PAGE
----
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From Koert Kuipers <>
Subject Re: Which [open-souce] SQL engine atop Hadoop?
Date Sat, 31 Jan 2015 19:38:27 GMT
i would not call "SQL constructs inside hive" accessible for other systems.
its inside hive after all

it is true that i can contact the metastore in java using
HiveMetaStoreClient, but then i need to bring in a whole slew of
dependencies (the miniumum seems to be hive-metastore, hive-common,
hive-shims, libfb303, libthrift and a few hadoop dependencies, by trial and
error). these jars need to be "provided" and added to the classpath on the
cluster, unless someone is willing to build versions of an application for
every hive version out there. and even when you do all this you can only
pray its going to be compatible with the next hive version, since backwards
compatibility is... well lets just say lacking. the attitude seems to be
that hive does not have a java api, so there is nothing that needs to be

you are right i could go the pure thrift road. i havent tried that yet.
that might just be the best option. but how easy is it to do this with a
secure hadoop/hive ecosystem? now i need to handle kerberos myself and
somehow pass tokens into thrift i assume?

contrast all of this with an avro file on hadoop with metadata baked in,
and i think its safe to say hive metadata is not easily accessible.

i will take a look at your book. i hope it has an example of using thrift
on a secure cluster to contact hive metastore (without using the
HiveMetaStoreClient), that would be awesome.

On Sat, Jan 31, 2015 at 1:32 PM, Edward Capriolo <>

> "with the metadata in a special metadata store (not on hdfs), and its not
> as easy for all systems to access hive metadata." I disagree.
> Hives metadata is not only accessible through the SQL constructs like
> "describe table". But the entire meta-store also is actually a thrift
> service so you have programmatic access to determine things like what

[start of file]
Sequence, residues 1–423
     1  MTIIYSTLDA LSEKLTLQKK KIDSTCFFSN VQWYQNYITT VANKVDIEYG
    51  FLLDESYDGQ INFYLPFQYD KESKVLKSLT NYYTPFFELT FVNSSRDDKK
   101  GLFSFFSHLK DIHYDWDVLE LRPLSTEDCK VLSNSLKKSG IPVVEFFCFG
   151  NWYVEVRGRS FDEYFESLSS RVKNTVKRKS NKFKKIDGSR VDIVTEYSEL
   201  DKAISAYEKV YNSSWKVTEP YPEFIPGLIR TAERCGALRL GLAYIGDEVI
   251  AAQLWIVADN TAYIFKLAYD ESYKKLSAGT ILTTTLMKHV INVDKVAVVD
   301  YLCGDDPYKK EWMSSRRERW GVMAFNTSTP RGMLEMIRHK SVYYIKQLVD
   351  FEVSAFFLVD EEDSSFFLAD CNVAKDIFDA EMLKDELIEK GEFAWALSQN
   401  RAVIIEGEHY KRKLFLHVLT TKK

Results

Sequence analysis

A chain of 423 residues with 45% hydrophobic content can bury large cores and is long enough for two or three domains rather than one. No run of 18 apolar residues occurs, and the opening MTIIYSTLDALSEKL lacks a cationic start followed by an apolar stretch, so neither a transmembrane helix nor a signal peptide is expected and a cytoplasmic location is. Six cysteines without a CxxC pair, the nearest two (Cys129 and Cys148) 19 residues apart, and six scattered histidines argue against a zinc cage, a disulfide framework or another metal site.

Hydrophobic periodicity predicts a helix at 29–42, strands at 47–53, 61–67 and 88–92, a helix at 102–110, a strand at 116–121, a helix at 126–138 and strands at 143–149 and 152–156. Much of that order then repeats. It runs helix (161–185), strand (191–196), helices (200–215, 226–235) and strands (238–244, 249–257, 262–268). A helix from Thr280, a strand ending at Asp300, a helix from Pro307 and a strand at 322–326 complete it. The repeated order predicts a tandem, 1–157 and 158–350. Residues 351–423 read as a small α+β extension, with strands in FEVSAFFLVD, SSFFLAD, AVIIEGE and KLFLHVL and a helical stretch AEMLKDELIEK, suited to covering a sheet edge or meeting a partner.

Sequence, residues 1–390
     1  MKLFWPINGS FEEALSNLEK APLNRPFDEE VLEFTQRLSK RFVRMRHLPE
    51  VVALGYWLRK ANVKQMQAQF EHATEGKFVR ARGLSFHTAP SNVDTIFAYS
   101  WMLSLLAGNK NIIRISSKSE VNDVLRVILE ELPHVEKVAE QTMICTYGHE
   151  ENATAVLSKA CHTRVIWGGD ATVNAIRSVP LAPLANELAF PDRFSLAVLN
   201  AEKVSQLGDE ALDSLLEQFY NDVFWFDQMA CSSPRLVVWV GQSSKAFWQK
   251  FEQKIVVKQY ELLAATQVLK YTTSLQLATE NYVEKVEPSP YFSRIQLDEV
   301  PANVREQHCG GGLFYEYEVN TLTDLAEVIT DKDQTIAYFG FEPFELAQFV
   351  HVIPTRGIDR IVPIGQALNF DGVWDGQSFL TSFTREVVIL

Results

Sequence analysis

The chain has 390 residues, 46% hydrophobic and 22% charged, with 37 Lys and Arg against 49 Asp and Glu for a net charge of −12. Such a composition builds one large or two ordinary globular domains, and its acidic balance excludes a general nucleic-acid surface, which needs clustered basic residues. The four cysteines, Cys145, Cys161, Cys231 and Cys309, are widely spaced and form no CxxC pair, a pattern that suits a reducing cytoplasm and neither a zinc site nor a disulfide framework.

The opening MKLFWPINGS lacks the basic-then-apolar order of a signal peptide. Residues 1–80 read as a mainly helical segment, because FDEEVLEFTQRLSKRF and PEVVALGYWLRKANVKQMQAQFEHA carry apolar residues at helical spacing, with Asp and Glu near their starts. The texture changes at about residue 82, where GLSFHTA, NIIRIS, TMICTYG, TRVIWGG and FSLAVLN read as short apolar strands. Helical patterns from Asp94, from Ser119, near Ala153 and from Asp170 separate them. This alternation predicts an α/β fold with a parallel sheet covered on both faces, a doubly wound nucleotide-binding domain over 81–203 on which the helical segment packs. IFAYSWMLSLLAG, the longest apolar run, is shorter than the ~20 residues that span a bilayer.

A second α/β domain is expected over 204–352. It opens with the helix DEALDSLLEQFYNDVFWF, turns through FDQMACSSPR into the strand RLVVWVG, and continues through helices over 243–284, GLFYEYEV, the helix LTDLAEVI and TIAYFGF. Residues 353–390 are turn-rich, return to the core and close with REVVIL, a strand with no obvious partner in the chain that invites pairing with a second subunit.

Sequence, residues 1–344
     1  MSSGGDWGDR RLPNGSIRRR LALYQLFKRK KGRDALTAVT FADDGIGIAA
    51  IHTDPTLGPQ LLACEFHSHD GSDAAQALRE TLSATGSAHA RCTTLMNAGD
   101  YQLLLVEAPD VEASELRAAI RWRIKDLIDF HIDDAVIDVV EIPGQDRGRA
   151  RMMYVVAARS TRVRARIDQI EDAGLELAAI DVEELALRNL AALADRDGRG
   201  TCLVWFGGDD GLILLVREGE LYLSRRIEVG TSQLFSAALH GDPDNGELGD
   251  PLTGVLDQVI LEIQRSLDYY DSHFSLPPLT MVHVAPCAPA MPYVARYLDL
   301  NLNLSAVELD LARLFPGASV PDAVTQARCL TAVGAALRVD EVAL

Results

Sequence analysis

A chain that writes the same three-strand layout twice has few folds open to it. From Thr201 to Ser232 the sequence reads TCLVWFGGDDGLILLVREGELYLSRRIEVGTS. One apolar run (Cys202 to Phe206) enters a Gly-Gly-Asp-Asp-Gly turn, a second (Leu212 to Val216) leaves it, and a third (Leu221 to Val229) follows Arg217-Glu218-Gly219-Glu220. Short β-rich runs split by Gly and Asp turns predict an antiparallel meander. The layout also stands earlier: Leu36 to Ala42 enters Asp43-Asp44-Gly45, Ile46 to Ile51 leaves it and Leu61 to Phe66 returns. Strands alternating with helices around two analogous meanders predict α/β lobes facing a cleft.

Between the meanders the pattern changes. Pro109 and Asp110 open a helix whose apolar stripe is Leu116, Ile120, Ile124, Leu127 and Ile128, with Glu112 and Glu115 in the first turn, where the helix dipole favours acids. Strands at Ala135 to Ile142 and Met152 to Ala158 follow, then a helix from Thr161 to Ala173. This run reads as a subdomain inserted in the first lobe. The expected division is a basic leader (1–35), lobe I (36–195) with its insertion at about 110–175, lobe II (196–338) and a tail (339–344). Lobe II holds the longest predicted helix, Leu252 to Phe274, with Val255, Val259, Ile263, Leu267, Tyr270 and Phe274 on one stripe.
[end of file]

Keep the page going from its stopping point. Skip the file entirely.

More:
> columns are in a table etc. Thrift creates RPC clients for almost every
> major language.
> In the programming hive book
> there is even examples where I show how to iterate all the tables inside
> the database from a java client.
> On Sat, Jan 31, 2015 at 11:05 AM, Koert Kuipers <> wrote:
>> yes you can run whatever you like with the data in hdfs. keep in mind
>> that hive makes this general access pattern just a little harder, since
>> hive has a tendency to store data and metadata separately, with the
>> metadata in a special metadata store (not on hdfs), and its not as easy for
>> all systems to access hive metadata.
>> i am not familiar at all with tajo or drill.
>> On Fri, Jan 30, 2015 at 8:27 PM, Samuel Marks <>
>> wrote:
>>> Thanks for the advice
>>> Koert: when everything is in the same essential data-store (HDFS), can't
>>> I just run whatever complex tools I'm whichever paradigm they like?
>>> E.g.: GraphX, Mahout &etc.
>>> Also, what about Tajo or Drill?
>>> Best,
>>> Samuel Marks
>>> PS: Spark-SQL is read-only IIRC, right?
>>> On 31 Jan 2015 03:39, "Koert Kuipers" <> wrote:
>>>> since you require high-powered analytics, and i assume you want to stay
>>>> sane while doing so, you require the ability to "drop out of sql" when
>>>> needed. so spark-sql and lingual would be my choices.
>>>> low latency indicates phoenix or spark-sql to me.
>>>> so i would say spark-sql
>>>> On Fri, Jan 30, 2015 at 7:56 AM, Samuel Marks <>
>>>> wrote:
>>>>> HAWQ is pretty nifty due to its full SQL compliance (ANSI 92) and